The Nextel phone has that power. is to have an ideavirus so smooth that once someone is exposed to it. Now and forever. it’s a mistake to spend all your time wishing for it to happen. It only takes one look at a friend’s Palm in order to get hooked (and one file beaming to get it forever). One of the talents of the great Steve Jobs is that he knows how to design Medusa-like products. While every Macintosh model has had flaws (some more than others).SMOOTHNESS: It Would All Be Easy If We Had Gorgons The goal.com . While you can aspire to make your product more Medusa-like. We have to own that new flat panel display.ideavirus. Alas. but you want it. they are instantly hooked. one phrase in a book review. Vindigo is Medusa-like in the way the virus spreads so smoothly. We must have the new color of iBook.” And not only do you get it. Macintosh owners upgrade far more often than most computer users for precisely this reason. and so (for some people) does Britney Spears. of course. A virus so powerful that all it takes is one guitar lick on the radio. The odds are long indeed. especially if your product is not groundbreaking. The longer it takes someone to get Unleashing the Ideavirus 98 www. most of them have had a sexiness and a design sensibility that has turned many consumers into instant converts. it’s not going to happen for you. one glimpse of a website and you completely and totally “get it.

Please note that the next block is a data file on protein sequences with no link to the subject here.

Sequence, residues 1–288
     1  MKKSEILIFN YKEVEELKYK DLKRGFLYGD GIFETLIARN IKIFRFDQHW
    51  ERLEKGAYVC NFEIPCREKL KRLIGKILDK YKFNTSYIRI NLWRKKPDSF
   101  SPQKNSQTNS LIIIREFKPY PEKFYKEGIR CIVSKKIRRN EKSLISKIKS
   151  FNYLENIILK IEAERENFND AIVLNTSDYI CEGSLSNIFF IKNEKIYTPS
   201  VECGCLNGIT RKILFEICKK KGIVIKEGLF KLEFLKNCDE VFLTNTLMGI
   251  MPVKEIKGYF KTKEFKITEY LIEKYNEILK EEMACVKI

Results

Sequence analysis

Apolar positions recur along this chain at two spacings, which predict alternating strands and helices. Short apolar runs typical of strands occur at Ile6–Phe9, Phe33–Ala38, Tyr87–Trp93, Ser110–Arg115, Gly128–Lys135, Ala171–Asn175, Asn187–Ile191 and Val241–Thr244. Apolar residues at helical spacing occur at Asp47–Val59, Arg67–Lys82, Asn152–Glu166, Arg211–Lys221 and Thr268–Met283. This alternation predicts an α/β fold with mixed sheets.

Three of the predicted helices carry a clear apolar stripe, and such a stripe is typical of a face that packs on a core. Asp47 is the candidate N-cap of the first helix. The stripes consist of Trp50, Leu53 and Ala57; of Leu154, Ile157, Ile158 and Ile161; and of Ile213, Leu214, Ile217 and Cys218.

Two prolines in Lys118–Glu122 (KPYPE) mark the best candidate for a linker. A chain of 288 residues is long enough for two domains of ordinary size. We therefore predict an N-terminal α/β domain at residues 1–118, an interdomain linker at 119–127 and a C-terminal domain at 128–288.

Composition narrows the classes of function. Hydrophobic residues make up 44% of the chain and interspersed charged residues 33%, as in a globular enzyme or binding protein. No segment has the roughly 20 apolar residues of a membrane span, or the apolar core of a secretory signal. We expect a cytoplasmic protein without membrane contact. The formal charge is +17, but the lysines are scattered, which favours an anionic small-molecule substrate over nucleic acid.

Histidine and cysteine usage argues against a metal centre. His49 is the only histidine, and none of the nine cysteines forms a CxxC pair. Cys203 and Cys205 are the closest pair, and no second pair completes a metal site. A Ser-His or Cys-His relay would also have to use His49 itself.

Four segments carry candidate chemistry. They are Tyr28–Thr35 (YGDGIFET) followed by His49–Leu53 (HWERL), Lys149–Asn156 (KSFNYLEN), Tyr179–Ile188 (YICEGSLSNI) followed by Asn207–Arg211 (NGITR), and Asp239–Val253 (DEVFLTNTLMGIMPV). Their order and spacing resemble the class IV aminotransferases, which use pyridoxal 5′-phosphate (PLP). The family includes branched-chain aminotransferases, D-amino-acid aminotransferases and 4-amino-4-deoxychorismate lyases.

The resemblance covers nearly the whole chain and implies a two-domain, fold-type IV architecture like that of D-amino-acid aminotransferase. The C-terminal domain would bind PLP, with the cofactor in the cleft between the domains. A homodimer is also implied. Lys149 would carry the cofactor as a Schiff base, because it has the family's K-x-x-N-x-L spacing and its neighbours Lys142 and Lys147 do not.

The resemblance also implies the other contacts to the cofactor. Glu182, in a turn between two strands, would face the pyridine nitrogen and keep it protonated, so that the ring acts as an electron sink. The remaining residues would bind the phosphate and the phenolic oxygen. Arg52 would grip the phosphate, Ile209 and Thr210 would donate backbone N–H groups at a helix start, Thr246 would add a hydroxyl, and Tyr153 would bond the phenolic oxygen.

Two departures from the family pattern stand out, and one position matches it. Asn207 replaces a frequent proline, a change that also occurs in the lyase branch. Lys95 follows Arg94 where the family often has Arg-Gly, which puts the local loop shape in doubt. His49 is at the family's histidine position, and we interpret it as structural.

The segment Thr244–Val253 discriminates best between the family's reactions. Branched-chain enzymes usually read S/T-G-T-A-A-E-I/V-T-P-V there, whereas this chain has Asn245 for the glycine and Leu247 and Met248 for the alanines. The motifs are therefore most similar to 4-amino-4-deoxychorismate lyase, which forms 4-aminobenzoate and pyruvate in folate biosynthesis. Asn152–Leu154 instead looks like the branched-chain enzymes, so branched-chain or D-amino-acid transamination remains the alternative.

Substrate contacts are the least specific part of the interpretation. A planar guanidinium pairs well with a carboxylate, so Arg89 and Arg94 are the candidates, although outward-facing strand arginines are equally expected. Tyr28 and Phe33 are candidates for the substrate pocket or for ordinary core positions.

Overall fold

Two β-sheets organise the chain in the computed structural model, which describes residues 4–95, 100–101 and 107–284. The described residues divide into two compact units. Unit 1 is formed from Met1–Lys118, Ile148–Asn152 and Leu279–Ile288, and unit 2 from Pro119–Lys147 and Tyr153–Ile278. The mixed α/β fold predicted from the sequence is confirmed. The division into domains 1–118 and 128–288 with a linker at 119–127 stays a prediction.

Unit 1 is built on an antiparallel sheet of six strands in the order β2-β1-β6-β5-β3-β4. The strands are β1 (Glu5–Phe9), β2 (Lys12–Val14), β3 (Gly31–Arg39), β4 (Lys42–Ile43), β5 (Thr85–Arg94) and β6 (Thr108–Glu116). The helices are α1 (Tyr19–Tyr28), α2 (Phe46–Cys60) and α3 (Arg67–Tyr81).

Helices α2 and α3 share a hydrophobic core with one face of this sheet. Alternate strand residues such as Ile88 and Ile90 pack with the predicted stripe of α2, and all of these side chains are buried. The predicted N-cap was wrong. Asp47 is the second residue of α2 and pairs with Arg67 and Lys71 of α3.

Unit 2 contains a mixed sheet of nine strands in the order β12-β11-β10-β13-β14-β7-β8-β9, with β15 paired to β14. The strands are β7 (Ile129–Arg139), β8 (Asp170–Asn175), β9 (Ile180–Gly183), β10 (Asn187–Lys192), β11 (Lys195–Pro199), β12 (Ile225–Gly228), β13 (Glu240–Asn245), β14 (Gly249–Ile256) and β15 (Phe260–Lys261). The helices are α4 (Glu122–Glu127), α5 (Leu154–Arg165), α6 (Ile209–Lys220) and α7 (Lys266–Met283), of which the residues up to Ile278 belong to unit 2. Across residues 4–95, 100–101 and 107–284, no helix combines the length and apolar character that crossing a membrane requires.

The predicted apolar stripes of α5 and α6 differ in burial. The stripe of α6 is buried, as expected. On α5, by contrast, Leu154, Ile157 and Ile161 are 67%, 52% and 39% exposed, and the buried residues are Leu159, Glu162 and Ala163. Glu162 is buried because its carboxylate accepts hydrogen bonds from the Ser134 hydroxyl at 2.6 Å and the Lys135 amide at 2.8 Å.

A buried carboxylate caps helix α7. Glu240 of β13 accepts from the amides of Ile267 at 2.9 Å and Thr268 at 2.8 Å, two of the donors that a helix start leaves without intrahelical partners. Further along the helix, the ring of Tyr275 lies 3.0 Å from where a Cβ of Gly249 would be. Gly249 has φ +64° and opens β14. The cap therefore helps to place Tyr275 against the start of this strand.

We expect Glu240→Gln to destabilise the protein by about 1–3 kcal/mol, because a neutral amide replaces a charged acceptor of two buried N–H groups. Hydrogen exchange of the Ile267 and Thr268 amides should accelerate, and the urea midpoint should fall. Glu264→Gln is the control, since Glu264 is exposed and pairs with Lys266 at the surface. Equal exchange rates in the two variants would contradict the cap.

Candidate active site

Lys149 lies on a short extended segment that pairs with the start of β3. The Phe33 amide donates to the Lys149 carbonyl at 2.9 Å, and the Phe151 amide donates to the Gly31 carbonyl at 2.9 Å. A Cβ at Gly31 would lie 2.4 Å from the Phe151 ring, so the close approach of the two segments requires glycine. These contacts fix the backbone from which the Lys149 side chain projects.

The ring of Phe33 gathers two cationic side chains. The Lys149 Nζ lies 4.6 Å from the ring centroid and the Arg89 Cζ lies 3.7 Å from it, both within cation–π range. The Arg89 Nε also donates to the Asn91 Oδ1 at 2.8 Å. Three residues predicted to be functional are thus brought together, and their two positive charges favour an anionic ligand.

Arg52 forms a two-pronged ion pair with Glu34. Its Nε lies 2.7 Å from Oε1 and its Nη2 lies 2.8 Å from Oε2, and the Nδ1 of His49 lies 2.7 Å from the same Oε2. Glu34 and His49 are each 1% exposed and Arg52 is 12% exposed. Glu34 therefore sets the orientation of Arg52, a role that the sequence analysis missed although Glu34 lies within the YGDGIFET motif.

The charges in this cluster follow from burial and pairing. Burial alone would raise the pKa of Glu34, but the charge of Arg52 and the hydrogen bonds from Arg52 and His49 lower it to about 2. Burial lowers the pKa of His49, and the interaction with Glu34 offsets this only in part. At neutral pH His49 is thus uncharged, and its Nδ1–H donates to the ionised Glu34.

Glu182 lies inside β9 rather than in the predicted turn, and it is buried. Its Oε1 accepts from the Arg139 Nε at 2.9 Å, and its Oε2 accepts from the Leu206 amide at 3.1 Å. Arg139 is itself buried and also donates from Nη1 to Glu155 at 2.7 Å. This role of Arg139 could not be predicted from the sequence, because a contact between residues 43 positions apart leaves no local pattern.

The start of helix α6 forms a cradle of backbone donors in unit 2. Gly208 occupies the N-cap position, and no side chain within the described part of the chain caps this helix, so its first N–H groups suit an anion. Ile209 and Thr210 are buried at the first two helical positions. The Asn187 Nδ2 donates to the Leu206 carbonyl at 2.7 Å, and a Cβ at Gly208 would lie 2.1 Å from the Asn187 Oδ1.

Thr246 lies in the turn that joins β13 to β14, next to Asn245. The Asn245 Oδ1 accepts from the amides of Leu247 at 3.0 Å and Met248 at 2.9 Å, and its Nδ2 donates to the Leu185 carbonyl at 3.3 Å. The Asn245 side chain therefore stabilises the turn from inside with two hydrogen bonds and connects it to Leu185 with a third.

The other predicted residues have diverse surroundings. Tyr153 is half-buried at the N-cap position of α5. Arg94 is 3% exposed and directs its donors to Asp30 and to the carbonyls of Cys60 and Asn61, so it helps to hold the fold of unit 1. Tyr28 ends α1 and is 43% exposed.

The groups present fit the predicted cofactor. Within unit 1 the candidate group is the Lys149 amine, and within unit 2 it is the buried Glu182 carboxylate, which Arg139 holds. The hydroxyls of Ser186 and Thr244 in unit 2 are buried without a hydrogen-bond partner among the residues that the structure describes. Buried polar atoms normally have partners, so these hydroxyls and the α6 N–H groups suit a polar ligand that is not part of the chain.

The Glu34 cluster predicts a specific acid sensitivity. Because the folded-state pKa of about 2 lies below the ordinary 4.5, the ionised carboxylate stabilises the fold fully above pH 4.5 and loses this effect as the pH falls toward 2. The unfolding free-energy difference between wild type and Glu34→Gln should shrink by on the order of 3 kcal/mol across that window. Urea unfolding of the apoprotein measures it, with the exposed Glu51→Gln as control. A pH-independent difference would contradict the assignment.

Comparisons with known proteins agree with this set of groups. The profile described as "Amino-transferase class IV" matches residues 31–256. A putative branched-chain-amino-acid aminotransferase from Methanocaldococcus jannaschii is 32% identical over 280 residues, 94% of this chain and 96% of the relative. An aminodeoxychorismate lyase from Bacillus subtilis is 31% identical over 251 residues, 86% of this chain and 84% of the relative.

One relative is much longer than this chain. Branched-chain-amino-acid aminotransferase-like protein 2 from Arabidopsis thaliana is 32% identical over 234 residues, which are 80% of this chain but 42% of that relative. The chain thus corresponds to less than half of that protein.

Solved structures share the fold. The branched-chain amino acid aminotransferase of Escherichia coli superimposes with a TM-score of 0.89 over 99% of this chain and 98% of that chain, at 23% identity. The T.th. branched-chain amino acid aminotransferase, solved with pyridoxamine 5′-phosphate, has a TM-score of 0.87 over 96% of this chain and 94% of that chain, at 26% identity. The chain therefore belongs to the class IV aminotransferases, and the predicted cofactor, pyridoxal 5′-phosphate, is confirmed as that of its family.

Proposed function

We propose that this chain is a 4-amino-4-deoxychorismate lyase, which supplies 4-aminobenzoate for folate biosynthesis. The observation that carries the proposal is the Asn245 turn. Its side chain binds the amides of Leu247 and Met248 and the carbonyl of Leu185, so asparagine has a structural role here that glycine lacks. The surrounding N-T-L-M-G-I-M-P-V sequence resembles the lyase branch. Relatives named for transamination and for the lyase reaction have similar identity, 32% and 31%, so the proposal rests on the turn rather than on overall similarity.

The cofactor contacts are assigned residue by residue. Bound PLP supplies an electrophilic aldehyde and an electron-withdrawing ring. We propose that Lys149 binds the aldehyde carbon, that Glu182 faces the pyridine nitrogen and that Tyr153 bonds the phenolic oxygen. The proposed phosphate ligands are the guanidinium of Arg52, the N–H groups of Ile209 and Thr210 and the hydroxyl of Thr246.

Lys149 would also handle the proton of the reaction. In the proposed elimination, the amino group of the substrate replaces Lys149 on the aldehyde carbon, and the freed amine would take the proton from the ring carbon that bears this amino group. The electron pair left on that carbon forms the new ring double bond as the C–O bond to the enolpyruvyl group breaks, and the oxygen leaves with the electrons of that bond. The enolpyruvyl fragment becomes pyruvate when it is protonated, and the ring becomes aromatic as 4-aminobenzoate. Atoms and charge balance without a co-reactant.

the basic concept behind your idea. Real change. Unleashing the Ideavirus 99 www. But often. And those ideas aren’t as smooth as some others. the less Medusa-like it is. often comes from unsettling ideas that significantly alter the way people interact with each other and with your company.com . that’s a good thing. and the profit that goes with it.ideavirus.